Exploring the use of economic evaluation in Australian wildland fire management decision-making

Helena Clayton, Mel Mylek, Jacki SCHIRMER, Geoffrey Cary, Stephen Dovers

    Research output: Contribution to journalArticle

    3 Citations (Scopus)

    Abstract

    Wildland fire managers make daily decisions about ways to allocate scarce resources to meet policy objectives. Making these decisions has become more challenging as the frequency and size of fires increase, as does associated risk to assets and costs of management. There is growing interest in using economic evaluation to inform resource allocation decisions, but little work has examined the economic evaluation needs of wildland fire managers, their current use of economic information and the factors that aid or hinder use. This study examined these issues through a survey of Australian wildland fire managers in fire management and policy roles. We found that despite strong interest in economic evaluation, managers have limited familiarity with most evaluation methods or use of the information derived. Several actions can improve the use and usefulness of economic evaluation for wildland fire managers: first, building capacity of managers to both commission and use economic information; second, integrating analysis of market and non-market benefits and costs as part of economic evaluation and third, better integrating economic evaluation with the broader context of decision-making processes.
    LanguageEnglish
    Pages555-566
    Number of pages12
    JournalInternational Journal of Wildland Fire
    Volume23
    Issue number4
    DOIs
    Publication statusPublished - 2014

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    wildland fire management
    fire management
    economic analysis
    decision making
    managers
    wildfires
    economics
    market analysis
    assets
    resource allocation
    familiarity
    evaluation
    capacity building
    cost
    aid
    market

    Cite this

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    title = "Exploring the use of economic evaluation in Australian wildland fire management decision-making",
    abstract = "Wildland fire managers make daily decisions about ways to allocate scarce resources to meet policy objectives. Making these decisions has become more challenging as the frequency and size of fires increase, as does associated risk to assets and costs of management. There is growing interest in using economic evaluation to inform resource allocation decisions, but little work has examined the economic evaluation needs of wildland fire managers, their current use of economic information and the factors that aid or hinder use. This study examined these issues through a survey of Australian wildland fire managers in fire management and policy roles. We found that despite strong interest in economic evaluation, managers have limited familiarity with most evaluation methods or use of the information derived. Several actions can improve the use and usefulness of economic evaluation for wildland fire managers: first, building capacity of managers to both commission and use economic information; second, integrating analysis of market and non-market benefits and costs as part of economic evaluation and third, better integrating economic evaluation with the broader context of decision-making processes.",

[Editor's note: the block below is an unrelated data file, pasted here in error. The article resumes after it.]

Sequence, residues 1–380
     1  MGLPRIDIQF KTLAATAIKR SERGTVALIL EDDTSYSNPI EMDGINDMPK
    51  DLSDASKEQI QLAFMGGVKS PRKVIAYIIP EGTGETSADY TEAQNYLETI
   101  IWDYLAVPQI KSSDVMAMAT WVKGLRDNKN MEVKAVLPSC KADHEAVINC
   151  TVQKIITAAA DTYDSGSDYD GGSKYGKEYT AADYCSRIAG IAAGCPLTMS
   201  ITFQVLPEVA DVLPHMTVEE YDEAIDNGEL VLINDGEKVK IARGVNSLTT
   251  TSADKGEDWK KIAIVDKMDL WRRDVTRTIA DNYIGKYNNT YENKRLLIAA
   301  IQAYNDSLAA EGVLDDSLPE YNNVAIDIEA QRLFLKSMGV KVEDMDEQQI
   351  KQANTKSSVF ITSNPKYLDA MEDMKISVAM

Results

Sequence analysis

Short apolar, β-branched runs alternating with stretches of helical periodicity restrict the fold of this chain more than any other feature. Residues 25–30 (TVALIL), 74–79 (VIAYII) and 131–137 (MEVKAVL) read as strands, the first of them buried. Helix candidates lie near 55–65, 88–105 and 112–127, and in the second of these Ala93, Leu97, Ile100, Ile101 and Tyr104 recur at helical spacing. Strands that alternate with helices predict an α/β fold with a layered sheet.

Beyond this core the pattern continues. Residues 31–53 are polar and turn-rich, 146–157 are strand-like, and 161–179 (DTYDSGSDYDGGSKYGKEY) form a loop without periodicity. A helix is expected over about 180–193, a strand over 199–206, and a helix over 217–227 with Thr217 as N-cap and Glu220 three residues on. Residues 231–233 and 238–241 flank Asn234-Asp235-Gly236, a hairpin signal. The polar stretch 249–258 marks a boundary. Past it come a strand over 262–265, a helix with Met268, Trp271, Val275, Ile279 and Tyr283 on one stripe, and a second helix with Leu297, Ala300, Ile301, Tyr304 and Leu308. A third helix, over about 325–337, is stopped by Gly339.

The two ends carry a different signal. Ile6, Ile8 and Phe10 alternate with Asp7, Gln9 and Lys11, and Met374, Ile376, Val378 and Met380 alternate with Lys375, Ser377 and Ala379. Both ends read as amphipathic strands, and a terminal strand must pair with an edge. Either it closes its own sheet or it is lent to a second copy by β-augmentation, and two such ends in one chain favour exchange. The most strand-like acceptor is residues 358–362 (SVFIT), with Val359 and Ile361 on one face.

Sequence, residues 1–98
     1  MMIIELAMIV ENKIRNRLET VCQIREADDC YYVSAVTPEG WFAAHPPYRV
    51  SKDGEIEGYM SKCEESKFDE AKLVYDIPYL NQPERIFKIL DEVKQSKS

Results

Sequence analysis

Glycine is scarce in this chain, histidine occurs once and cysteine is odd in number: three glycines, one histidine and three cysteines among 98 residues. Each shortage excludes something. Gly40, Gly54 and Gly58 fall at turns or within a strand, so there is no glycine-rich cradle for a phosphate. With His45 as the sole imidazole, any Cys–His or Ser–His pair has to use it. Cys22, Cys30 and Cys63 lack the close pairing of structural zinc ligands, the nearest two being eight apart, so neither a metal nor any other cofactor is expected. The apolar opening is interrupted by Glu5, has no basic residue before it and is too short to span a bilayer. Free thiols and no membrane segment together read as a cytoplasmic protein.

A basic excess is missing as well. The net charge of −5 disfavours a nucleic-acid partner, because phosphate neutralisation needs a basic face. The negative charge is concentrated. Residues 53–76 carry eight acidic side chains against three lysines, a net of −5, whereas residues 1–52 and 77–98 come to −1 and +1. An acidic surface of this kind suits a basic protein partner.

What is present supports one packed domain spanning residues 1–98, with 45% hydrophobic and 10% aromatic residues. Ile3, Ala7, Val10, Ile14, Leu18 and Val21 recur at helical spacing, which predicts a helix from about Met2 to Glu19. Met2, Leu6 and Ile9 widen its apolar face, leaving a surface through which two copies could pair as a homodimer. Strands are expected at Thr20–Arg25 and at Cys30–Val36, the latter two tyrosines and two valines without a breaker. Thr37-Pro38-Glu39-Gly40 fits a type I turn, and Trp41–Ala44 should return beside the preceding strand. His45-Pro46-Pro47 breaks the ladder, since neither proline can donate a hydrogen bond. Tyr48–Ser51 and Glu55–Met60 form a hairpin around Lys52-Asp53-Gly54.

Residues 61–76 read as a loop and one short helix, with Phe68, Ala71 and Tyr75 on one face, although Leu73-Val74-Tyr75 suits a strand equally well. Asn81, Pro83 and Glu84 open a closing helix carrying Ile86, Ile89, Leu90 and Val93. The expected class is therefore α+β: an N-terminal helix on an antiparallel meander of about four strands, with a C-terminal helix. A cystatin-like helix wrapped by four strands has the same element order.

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    Exploring the use of economic evaluation in Australian wildland fire management decision-making. / Clayton, Helena; Mylek, Mel; SCHIRMER, Jacki; Cary, Geoffrey; Dovers, Stephen.

    In: International Journal of Wildland Fire, Vol. 23, No. 4, 2014, p. 555-566.

    Research output: Contribution to journalArticle

    TY - JOUR

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    AU - Mylek, Mel

    AU - SCHIRMER, Jacki

    AU - Cary, Geoffrey

    AU - Dovers, Stephen

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    AB - Wildland fire managers make daily decisions about ways to allocate scarce resources to meet policy objectives. Making these decisions has become more challenging as the frequency and size of fires increase, as does associated risk to assets and costs of management. There is growing interest in using economic evaluation to inform resource allocation decisions, but little work has examined the economic evaluation needs of wildland fire managers, their current use of economic information and the factors that aid or hinder use. This study examined these issues through a survey of Australian wildland fire managers in fire management and policy roles. We found that despite strong interest in economic evaluation, managers have limited familiarity with most evaluation methods or use of the information derived. Several actions can improve the use and usefulness of economic evaluation for wildland fire managers: first, building capacity of managers to both commission and use economic information; second, integrating analysis of market and non-market benefits and costs as part of economic evaluation and third, better integrating economic evaluation with the broader context of decision-making processes.

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    KW - decision support

    KW - policy

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    KW - survey

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